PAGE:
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I walked down the empty sidewalk. Red and yellow leaves fell to the ground as a cold breeze rustled my coat. The excitement of New York City did not apply to this quaint little village. Here, the streets were quiet and the houses maintained.
I spent my day at the hospital; my wife of fifty years was diagnosed with breast cancer. She met with a doctor to schedule treatment and more tests. She stayed overnight to have other tests completed. After this day, I needed a little time alone.
I opened the large front door leading to the foyer of our house. The brass doorknob was cool to the touch, and the dark mahogany wood was inviting. I glanced at the crowded bookshelf on one wall. How many times had we attempted to organize it?
One photo album had fallen to the floor. I picked it up and looked at the cover. It was from our wedding day, almost half a century ago. The pictures were pink, as all old color pictures were. The plastic layer protecting the pictures was coated with dust. I gently pulled a picture out of the sleeve. It was Eloise, at twenty-two, wearing her wedding dress. It was a modest gown, not too frilly but not too dull. I turned the page and looked at another picture. There was rice flying everywhere and the two of us were shielding our heads. I sighed--why hadn’t we looked at these before?
Another album, with a dark green cover labeled “Kids”, documented our three children’s early lives. They were playing at the park, taking baths, all the things normal children do. But, I thought, none of them know about Eloise. How would we tell them?
After a while, I tired of looking at the albums. I wandered into the kitchen. The white refrigerator held the children’s artwork. I leafed through the papers piled on one another and found the painting that I favored most overall. Our oldest daughter, Kris, painted it when she was fifteen and passionate about art. It showed Eloise and I sitting on a porch swing, surrounded by friends and family. I placed the painting on the rectangular kitchen table used for family dinners.
The floorboard creaked as I stopped at the top of the stairs. To the right sat a small brown piano. We had bought it when the house was new, and I loved to sit at it. I opened the bench and removed the piece I played the day our second child, David, was born. I sat down and ran my fingers over the keys. The song was slow and soft then loud and fast. How long had it been since I played last?
In our bedroom, the nightstand contained many trinkets including fliers for the children’s school events, more pictures, loose change, and keys. Next to the lamp rested our family Bible. I picked up a white envelope next to it and lifted the flap. The card was light yellow and read, “Congratulations on your…” in purple font. It was addressed to our other son, Jonathon for his recent Master’s Degree in teaching. The ceremony was soon, too soon for Eloise to be healthy enough to go. I put the card back and walked downstairs. How would Eloise feel if we couldn’t go?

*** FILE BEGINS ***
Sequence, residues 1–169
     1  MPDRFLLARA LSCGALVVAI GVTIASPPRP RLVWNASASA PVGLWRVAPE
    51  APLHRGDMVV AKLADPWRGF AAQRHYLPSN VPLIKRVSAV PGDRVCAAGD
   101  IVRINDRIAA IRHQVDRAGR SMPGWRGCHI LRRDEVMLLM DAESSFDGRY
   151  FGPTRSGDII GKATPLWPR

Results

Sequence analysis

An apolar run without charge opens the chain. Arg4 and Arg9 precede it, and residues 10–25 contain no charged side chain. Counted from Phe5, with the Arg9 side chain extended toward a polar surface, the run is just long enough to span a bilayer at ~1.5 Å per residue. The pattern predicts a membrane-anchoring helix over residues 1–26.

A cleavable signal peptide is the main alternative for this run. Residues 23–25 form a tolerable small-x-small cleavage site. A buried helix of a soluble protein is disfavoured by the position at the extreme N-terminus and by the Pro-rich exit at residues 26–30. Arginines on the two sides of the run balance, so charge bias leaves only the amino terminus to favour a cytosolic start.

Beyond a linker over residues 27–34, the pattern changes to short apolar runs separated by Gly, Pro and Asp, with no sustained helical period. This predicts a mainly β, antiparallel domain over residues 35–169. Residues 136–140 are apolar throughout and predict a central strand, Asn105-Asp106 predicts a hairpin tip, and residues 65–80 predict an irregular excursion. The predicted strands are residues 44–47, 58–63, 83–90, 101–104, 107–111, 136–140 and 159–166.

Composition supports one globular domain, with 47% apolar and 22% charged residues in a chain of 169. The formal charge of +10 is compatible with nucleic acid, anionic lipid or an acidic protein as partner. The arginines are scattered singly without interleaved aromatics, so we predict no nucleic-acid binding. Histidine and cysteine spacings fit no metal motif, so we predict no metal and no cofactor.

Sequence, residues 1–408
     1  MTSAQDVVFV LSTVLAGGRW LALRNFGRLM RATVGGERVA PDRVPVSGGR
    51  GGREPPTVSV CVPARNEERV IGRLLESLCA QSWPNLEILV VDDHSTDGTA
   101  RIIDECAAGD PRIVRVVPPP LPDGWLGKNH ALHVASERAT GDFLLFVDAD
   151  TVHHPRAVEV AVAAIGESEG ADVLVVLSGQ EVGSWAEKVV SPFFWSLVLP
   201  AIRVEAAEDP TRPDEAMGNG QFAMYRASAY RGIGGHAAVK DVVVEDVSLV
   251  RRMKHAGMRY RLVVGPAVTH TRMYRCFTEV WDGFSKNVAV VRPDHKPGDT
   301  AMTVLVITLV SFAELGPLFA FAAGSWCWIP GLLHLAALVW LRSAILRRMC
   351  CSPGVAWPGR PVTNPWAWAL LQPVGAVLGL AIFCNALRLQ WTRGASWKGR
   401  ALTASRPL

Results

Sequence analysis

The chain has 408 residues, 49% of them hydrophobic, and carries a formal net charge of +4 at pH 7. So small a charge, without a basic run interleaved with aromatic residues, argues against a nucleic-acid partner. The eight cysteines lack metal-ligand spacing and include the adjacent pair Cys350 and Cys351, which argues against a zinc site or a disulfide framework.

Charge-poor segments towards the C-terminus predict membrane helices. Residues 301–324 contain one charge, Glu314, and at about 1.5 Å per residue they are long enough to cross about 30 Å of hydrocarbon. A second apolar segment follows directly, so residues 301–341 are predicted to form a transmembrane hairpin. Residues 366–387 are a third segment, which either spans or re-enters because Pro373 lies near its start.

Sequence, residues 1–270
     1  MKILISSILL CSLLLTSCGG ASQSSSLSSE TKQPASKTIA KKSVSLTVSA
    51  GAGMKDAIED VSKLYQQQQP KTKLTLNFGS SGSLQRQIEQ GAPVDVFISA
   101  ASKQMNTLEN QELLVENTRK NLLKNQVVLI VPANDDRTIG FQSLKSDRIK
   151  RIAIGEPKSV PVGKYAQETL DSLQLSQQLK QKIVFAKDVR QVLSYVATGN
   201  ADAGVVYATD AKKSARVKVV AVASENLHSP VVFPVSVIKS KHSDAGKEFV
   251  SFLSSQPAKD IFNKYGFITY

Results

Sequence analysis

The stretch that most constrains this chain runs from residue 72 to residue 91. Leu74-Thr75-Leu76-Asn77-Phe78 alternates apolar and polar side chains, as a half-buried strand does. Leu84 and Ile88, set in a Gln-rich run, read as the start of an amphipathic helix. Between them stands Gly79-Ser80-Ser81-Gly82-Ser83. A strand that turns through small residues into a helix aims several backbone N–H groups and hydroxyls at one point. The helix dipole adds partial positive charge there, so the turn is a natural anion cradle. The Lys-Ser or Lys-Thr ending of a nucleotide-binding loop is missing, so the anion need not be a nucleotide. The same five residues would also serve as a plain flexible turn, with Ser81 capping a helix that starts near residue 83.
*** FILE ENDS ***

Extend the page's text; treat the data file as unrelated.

The back porch light was on, and I walked over to the door. The shiny surfaces indicated rain and the stems reached up for water. I stood among the flowers and plants in our small backyard garden. The green stalks stretching up the wooden fence indicated the need for water as winter approached. I picked the last pink rose frost hadn’t killed yet and inhaled the sweet smell. My eyes filled with tears; how could this cancer happen? Sure, the doctors could prevent it, and use surgery to take it out, but what it came back? We had prepared for everything but this!
I stiffly climbed the stairs to get ready for bed.
I woke up too early the next morning. The sky didn’t show any sign of the sunrise, and birds were silent in their nests. I decided to make breakfast anyway because I couldn’t possibly sleep. Once it was later in the day, I went to the hospital. The doctors had finished Eloise’s tests earlier, so they reported to me with the results.
“Sir, it looks as if your wife will survive once we remove the cancer. The cancer is in the earliest stage; it is an extremely minor case. The program we use is very responsive, and we will begin surgery when Eloise regains most of her strength.”
The spotless waiting room, less than comfortable chairs, and the stress of the past days all faded away. Nothing had ever been very serious; perhaps I had only overreacted. I thanked the doctors, who were supportive, and left to call the family.